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A Cosmopolitan City
The earliest permanent settlers were French-speaking, including Uncle Louis Campau and those he brought with him. Later Louis Campau's brothers joined him here. But, beginning with 1833, white settlers began to come from Vermont, Massachusetts, Connecticut, New York, Rhode Island, Pennsylvania and Ohio. A few Irish immigrants were attracted to work on the canal in 1835, and when the canal, or mill race, was enlarged in 1841, a few more Irish workers came. In 1842 a society was formed to encourage foreigners to come here, John Ball, agent.
Immigration was partly discouraged by reports broadcast by government officials that the Michigan climate was not propitious, that the territory abounded in swamps, marshes and lakes, and that the soil was not good. Boatmen on the Great Lakes also tried to divert those seeking land to the states of Illinois, Indiana, Wisconsin and Iowa. In 1845 John Almy was appointed immigration agent by the governor, and $700 was appropriated to carry on the work.
A colony from Holland, led by Dr. A. C. Van Raalte and consisting of 17 families, reached the site of the present city of Holland in February, 1847. The next spring about 150 immigrants from The Netherlands came, and later in that year some others. The majority of these settled on a tract in Ottawa county purchased by Dr. Van Raalte, but soon many, in search of employment or desiring to go into business, were attracted to Grand Rapids.
The first immigrant from Holland to reach this city were Hiram H. Van Reede, his wife and daughter, who came in 1847. Francis Van Driele came in 1848. Soon after the families of Albert Kroes, and Louis Ladeweg arrived, then came John Roost, Joshua Elenbaas, B. Luten, P. Hendrikse and others. Thereafter the number of families coming from Holland increased greatly.
These thrifty immigrants brought a considerable number of guilders from their native country, and as early as 1847 their gold money began to find its way to Grand Rapids, where it was most welcome in those days of "shinplasters."
By 1854 the Dutch-speaking settlers had increased to quite a colony. Finding this place where work was plentiful and wages much higher than in the mother country, so that by the exercise of their natural thrift they could acquire homes of their own, they formed an immigration society to aid the poor people of Holland to come here. Many of these Holland immigrants worked in the furniture factories, and today their descendants are among the most skilled craftsmen in the factories and others are among the most prominent citizens in banking, commerce, the professions and in every walk in life. There are at present about 40,000 citizens of Holland birth or descent. Not more than twenty cities in The Netherlands contain as large a number of residents.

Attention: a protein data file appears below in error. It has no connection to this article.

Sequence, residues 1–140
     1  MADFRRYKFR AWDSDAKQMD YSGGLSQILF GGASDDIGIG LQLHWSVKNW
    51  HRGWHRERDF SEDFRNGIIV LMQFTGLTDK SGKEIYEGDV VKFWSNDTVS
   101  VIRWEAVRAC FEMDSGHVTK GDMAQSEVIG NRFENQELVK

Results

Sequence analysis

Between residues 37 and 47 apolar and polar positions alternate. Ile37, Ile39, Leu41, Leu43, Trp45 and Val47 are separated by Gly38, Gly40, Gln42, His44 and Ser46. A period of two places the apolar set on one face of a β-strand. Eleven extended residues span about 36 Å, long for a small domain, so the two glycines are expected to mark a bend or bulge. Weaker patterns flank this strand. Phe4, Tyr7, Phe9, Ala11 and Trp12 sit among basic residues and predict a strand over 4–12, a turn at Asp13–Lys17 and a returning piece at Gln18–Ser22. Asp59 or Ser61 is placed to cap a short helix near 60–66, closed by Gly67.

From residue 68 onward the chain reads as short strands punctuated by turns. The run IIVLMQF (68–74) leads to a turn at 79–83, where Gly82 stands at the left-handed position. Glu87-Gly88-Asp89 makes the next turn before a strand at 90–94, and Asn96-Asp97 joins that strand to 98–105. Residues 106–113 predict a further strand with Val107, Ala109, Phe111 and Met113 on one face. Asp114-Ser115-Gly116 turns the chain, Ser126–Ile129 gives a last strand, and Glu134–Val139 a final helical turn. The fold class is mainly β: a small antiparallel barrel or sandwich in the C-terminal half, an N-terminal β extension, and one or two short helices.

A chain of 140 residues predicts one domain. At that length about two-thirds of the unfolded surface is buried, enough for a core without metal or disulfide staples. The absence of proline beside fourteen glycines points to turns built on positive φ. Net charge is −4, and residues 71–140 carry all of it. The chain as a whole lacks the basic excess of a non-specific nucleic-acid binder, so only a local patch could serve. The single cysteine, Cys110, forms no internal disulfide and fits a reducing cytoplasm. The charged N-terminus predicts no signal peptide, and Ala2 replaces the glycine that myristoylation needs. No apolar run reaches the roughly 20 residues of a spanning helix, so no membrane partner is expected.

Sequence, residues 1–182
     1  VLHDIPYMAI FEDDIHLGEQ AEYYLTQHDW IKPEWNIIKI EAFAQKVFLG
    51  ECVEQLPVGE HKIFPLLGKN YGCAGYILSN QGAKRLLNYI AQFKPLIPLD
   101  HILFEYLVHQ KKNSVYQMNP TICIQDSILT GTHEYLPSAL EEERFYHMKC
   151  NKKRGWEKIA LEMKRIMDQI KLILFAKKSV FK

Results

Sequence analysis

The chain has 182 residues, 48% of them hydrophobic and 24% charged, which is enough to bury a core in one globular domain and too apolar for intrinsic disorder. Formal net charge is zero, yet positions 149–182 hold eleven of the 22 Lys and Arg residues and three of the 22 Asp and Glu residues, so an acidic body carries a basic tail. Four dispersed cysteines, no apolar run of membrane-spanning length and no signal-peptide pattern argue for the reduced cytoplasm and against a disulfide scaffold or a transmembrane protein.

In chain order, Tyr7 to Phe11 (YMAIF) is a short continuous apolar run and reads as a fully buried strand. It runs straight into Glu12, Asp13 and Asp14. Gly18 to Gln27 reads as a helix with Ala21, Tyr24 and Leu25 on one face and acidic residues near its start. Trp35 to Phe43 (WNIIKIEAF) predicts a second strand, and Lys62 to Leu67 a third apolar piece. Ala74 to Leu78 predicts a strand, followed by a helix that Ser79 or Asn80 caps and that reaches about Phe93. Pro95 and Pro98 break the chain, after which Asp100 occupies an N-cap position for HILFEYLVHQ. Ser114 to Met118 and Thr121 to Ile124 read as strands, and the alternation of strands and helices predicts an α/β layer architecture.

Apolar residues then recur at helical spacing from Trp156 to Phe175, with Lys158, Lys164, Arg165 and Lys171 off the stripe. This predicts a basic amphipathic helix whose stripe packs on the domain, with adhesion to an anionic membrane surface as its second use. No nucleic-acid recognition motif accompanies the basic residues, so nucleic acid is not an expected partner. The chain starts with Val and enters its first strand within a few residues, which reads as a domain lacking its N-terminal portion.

Crops in Sweden and Norway having been poor for seven years prior to 1870, many emigrants from those two countries began to look to America as their promised land. The majority went to the western states. In 1871 the Reverend J. P. Tustin, under an arrangement with the G. R. & I. railroad and other interests, went to the Scandinavian countries to induce some of the emigrants to come here. Through his efforts about 1,000 Swedish and Norwegians became residents of Grand Rapids and vicinity. Thereafter many other came.
A few German immigrants, largely from Westphalia, began to settle in and around Grand Rapids in 1840. More and more arrived, and the political troubles in the mother country in 1848 caused a tremendous outflow to America. Many German immigrants were mechanics, skilled workmen, others engaged in mercantile pursuits. Among the earliest German families to come here was that of Anthony Cordes, consisting of himself, wife, seven sons, and one daughter. They came from Westphalia in the hard winter of 1842-43. Prior to 1850 the Kusterer, Thome, Christ, and Tusch families had arrived.
The first Italian families, about five in number, came about 40 years ago. At present there are 316 Italian families.
Immigrants from Poland began coming about 40 years ago. At present there is a total, computed from three groups, of nearly 2,600 Polish families.
Many Canadians have crossed the border to find work or to go into business. The immigrants from England, Scotland and Wales have been coming constantly since fairly early days, but their numbers was never comparatively large.
In more recent years a number of Greeks have come. There is a saying, "When Greek meets Greek they open a restaurant," which appears to be true so far as Grand Rapids is concerned. The city also has a small colony of Syrian immigrants, and another of Armenians.
The Negro population has grown to about 2,000. Recently a number of Mexicans have secured work here.
Some immigrants have come from practically every country in Europe, and the large factories of later years have attracted workers from many states in the Union. Today Grand Rapids is a real cosmopolitan city so far as the quality of its residents is concerned.
Transcriber: Ronnie Aungst
Created: 10 December 1999